Standing doggy style may also direct the male’s penis at an even better angle to stimulate the G-spot. While in this position, the insertive partner may use one of their hands to manually stimulate their partner’s clitoris, or they may manually stimulate their own clitoris. When having sex with a female, female insertive partners may also take advantage of this technique by using a strap-on dildo (and penetrating their partner). Individuals should always make sure to clean dildos well, use plenty of lubrication, and use the appropriate sized sex toy for their experience and comfort level. If one is exploring the missionary position, the insertive partner may try placing a few pillows beneath the receptive partner’s butt to align their pelvis into a better position for their partner’s penis to press either the female’s G-spot or the male’s prostate. Similarly, to stimulate a male partner’s prostate, the insertive partner may also approach their male receptive partner (who is lying down on their back) from the front. These are just a small number of sex positions that can better stimulate the clitoris, G-spot, and prostate.1 Feel free to explore a variety of sex positions with your partner to find out which ones provide the most pleasurable orgasms.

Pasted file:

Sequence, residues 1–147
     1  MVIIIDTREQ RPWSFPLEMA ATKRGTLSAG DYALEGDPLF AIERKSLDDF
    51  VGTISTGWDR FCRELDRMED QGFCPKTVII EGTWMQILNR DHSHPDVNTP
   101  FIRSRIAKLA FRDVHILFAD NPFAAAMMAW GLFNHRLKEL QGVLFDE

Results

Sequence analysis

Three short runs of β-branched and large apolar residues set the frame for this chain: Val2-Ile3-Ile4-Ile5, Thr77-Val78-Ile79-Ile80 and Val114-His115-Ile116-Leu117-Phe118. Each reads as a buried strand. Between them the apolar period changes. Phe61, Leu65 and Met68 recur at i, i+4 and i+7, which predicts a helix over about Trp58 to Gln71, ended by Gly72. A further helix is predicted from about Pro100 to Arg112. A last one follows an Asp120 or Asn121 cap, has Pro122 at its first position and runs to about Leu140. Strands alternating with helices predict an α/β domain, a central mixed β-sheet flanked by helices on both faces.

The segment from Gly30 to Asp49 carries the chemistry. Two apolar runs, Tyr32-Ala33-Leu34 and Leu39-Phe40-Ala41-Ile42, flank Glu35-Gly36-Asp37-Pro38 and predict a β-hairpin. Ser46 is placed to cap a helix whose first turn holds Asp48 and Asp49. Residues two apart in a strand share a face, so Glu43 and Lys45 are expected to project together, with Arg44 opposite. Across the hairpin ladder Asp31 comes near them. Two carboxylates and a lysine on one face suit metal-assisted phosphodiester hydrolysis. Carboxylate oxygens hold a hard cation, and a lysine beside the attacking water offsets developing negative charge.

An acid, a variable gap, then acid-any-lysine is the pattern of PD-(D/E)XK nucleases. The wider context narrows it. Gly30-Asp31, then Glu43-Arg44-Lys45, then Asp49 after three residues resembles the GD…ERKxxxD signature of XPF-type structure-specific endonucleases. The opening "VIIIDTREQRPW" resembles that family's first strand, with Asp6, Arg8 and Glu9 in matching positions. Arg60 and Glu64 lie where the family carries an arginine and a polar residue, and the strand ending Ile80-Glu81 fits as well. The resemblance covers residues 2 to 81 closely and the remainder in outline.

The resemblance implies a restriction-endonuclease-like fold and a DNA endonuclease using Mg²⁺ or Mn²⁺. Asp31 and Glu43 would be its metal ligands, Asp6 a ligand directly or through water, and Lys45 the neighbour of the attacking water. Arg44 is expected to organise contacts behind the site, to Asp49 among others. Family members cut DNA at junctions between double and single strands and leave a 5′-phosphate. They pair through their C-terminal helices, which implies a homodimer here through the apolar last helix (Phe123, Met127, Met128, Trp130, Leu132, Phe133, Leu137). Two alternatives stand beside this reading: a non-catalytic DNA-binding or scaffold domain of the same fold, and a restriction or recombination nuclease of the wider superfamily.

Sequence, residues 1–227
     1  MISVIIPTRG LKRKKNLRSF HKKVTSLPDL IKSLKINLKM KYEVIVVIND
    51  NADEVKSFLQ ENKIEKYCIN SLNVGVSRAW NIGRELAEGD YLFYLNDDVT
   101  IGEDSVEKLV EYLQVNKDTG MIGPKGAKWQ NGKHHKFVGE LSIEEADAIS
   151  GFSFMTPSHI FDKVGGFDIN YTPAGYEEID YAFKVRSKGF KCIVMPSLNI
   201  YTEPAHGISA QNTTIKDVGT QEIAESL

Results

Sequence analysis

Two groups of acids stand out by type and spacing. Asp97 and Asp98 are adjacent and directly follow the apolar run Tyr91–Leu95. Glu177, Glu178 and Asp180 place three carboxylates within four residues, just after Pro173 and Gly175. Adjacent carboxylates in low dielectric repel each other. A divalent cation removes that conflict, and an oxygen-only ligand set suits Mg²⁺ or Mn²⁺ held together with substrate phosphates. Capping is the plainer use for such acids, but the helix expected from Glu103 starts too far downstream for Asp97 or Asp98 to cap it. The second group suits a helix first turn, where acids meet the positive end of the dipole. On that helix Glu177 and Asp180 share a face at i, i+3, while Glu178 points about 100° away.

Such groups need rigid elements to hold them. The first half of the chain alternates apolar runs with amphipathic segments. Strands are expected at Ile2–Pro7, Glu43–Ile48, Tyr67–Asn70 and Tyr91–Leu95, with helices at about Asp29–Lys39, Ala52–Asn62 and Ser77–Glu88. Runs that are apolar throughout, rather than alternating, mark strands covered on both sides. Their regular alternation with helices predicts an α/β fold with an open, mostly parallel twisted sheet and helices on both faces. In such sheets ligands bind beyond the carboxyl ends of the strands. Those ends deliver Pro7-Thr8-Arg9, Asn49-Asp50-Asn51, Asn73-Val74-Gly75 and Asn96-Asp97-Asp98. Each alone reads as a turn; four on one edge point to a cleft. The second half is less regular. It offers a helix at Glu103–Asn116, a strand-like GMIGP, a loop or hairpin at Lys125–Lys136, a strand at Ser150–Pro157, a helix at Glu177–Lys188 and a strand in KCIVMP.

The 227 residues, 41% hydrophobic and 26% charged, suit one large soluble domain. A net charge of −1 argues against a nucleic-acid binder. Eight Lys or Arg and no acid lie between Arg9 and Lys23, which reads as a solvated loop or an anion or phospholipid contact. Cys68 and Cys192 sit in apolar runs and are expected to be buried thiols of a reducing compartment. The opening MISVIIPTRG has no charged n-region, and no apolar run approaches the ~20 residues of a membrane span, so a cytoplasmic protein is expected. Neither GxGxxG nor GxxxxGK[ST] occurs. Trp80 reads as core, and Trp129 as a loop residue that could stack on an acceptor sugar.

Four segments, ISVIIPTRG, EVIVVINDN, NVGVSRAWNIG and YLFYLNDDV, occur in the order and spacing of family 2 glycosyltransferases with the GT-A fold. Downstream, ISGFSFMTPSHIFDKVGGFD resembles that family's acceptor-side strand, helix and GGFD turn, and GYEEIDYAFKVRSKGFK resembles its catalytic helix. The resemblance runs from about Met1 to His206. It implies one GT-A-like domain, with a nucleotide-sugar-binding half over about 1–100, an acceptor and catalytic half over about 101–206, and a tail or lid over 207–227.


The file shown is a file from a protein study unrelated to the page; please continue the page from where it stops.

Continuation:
One of the biggest obstacles preventing males and females from reaching orgasm, is the presence of negative emotions, including fear, anxiety, or guilt. With the long history of taboos against women enjoying sexual pleasure, it is not uncommon for women to feel guilty for engaging in sexual acts. It is important to let go of guilt and realize that it is normal and healthy to enjoy masturbation and sex. Both males and females may feel scared or anxious when having sexual intercourse for a variety of reasons, including first time sex worries and performance anxiety. These worries, however, distract individuals from sexual pleasure and make it more difficult for them to reach orgasm. The best way for individuals to achieve an orgasm is to relax and not worry about the outcome. When exploring oneself, individuals should turn off all distractions and try to clear their mind of any anxious feelings by focusing on the present sexual pleasures. Looking at one’s partner as they stimulate you, or closing your eyes and focusing on the bodily sensations, can keep one’s mind grounded during sex. Ask your partner for feedback on what you are doing and reassure them if you like what they are doing too. Pay attention to the physical reactions and vocalizations from your partner to improve your techniques. These physical signs can give you some insight into what they like. Essentially, trust and honest communication with your partner can make orgasms more enjoyable.